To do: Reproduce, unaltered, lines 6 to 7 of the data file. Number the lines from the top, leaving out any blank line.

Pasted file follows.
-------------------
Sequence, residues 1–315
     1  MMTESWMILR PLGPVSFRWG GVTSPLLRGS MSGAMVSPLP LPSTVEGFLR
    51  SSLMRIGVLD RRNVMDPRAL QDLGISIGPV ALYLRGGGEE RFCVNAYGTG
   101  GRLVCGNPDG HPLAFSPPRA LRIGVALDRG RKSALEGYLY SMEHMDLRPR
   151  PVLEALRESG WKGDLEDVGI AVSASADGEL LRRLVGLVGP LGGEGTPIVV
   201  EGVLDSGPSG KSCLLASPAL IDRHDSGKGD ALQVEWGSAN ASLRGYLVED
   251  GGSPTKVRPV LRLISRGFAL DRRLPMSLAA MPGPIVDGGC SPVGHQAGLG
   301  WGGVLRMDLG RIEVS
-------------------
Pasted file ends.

   201  EGVLDSGPSG KSCLLASPAL IDRHDSGKGD ALQVEWGSAN ASLRGYLVED
   251  GGSPTKVRPV LRLISRGFAL DRRLPMSLAA MPGPIVDGGC SPVGHQAGLG